Conservation schools inspire and provide communities with education opportunities and resources in exchange for the community’s participation in conservation. Setting aside land to protect wildlife or working with park rangers to stop poachers are examples of how communities are participating.
In our priority landscapes, African Wildlife Foundation builds or helps rebuild schools, develops conservation education curricula, provides supplemental training to teachers and ensures the schools will last with the support from local businesses and missions. School locations are selected based on how critical the conservation need is.
We do not own any schools, directly operate any schools, or have any teachers or principals directly employed by AWF. Our goal is to support the foundation for education and provide knowledge that will improve lives for people and wildlife simultaneously.
When new generations reach adulthood in many rural areas, they are left to fend for themselves and forced to exploit the resources around them for their livelihood. This includes cutting down trees for charcoal or hunting and selling bushmeat. Conservation schools target the primary school level, because Africa’s population is the youngest in the world. By providing a sound education foundation, we are offering students opportunities to continue with school and job opportunities that may better help their lives, their communities, and their natural environment.
Here’s some of what we’ve done.
To help the people of Sekute, AWF collaborated with the Sekute Chiefdom and rebuilt the area’s only primary school. This once-dilapidated mud structure has been transformed into a modern school with six classrooms, offices, and new houses for teachers. Here, 80% of the people are illiterate, making the Lupani School an incentive for the community to participate in wildlife conservation.
The Manyara Ranch Primary School is located in a very remote part in Tanzania—and like many schools around here, it lacked computers. AWF partnered with Annenberg Foundation to build a new IT lab with 40 new Internet-accessible computers. Many of the teachers did not know how to use a computer, so they were given an intensive two-week training session. AWF also helped incorporate conservation curriculum and continues to provide school supplies. The school is situated on the grounds of the Manyara Ranch, which protects wildlife from Lake Manyara to Tarangire National Park.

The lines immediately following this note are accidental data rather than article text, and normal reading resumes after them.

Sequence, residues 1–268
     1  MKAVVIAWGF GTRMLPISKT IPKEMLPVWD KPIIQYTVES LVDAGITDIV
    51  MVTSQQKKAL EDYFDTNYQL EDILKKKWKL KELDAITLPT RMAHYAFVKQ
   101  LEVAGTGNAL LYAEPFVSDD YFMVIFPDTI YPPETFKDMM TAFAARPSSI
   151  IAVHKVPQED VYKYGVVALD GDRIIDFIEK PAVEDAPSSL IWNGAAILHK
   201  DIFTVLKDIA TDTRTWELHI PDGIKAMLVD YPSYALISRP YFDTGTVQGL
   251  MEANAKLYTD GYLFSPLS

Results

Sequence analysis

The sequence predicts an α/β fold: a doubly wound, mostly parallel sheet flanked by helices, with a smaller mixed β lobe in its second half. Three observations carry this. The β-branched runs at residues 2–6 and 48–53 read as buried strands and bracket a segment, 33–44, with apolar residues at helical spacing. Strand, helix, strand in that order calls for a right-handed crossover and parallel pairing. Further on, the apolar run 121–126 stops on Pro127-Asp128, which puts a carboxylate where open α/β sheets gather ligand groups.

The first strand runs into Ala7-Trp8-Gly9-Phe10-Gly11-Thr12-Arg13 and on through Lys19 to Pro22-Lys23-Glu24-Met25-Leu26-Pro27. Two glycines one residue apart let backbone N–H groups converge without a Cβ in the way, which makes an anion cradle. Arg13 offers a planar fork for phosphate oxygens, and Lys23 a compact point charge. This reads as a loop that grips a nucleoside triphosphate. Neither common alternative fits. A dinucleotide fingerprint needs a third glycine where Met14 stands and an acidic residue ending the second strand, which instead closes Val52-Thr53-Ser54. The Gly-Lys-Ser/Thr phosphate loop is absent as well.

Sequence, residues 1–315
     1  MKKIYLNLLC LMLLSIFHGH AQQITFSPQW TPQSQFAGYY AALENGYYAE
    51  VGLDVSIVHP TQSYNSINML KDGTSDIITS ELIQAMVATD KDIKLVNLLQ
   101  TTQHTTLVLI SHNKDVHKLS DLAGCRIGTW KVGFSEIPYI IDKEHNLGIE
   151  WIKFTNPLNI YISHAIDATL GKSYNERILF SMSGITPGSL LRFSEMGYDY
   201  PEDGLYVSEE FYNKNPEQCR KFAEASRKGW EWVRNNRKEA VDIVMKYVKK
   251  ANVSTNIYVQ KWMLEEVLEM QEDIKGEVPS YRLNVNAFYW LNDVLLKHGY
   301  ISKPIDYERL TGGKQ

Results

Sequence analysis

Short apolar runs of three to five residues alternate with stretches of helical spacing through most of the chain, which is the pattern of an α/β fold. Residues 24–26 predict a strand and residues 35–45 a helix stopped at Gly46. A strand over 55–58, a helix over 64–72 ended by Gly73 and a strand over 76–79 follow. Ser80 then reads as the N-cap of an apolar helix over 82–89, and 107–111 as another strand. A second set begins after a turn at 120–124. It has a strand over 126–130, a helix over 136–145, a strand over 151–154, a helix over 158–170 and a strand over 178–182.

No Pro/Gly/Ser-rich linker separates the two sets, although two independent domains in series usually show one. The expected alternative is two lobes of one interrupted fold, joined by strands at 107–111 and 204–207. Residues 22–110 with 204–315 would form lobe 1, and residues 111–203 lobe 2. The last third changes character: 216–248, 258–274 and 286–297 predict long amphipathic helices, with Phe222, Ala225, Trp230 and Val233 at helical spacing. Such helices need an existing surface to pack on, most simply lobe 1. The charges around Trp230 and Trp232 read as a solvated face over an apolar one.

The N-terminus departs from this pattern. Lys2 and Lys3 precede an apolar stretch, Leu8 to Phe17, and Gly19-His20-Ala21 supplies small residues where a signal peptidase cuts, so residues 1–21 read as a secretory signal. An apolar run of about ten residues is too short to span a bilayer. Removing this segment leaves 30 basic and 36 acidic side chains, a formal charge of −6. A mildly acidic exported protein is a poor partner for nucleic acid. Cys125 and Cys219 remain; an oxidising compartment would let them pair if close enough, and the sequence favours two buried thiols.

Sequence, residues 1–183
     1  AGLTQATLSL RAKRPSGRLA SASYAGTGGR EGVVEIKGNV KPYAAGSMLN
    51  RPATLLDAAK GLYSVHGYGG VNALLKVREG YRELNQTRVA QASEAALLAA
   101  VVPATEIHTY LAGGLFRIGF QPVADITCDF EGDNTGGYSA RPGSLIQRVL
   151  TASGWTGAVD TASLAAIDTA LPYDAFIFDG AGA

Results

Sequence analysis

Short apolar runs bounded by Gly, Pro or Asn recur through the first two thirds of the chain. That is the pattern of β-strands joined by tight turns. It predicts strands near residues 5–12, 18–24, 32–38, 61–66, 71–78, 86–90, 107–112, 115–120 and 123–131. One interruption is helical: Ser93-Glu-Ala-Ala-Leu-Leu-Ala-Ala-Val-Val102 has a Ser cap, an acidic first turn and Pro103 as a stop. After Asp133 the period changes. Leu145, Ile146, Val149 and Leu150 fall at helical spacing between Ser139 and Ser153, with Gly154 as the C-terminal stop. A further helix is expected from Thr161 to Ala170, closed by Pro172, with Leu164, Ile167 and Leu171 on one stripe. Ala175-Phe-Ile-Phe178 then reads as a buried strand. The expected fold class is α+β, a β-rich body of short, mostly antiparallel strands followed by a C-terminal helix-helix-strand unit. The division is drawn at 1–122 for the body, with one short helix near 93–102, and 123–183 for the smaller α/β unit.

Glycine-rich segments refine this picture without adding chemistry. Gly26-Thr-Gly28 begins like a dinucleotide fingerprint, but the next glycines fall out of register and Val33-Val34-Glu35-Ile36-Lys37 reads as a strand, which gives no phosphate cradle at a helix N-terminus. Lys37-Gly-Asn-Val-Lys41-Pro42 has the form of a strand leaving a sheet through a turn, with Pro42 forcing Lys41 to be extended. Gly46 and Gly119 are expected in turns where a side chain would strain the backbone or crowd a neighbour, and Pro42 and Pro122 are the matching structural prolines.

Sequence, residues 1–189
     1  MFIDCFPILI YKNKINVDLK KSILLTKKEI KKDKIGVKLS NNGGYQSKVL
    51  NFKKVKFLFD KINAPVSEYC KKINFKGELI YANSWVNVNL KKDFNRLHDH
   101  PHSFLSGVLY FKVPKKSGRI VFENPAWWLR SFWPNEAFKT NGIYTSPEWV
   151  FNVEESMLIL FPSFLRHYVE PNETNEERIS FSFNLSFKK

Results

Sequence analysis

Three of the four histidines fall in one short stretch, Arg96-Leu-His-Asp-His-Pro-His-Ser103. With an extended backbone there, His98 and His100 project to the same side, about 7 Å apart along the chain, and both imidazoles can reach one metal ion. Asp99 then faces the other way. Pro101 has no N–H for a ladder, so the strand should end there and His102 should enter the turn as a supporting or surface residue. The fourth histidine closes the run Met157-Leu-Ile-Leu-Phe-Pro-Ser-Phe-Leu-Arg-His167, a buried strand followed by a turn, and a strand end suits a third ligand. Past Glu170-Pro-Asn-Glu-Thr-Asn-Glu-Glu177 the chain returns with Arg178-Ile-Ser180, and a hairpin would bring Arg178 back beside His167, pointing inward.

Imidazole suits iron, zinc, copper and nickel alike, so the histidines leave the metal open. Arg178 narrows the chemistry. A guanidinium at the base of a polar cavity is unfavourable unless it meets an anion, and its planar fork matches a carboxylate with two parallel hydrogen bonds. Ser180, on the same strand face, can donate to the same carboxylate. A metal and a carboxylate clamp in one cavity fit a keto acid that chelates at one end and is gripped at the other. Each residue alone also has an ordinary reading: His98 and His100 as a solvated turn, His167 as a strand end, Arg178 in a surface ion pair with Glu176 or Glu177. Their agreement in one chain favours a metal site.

AWF announced a Clinton Global Initiative (CGI) Commitment to Action, at the September 2013 CGI Annual Meeting, to build 15 new conservation primary schools over the next 10 years in African landscapes home to some of the world’s most important wildlife populations.
We are working with architectural partners to create unique schools, optimized for the climate and environment, so no matter the location or geographic condition—dry area or a heavily forested ecosystem—all children in areas of high biodiversity will have access to a conservation school that improves their livelihoods and Africa’s wildlife.
In early 2015, AWF celebrated the official opening of the first of these schools in rural Ilima, Democratic Republic of Congo.
Thanks to the generous support of members and other donors, we’re able to continue building conservation schools, providing school supplies, and training teachers. Learn more about our projects that help Africans learn how conservation can help their livelihood and save wildlife simultaneously.
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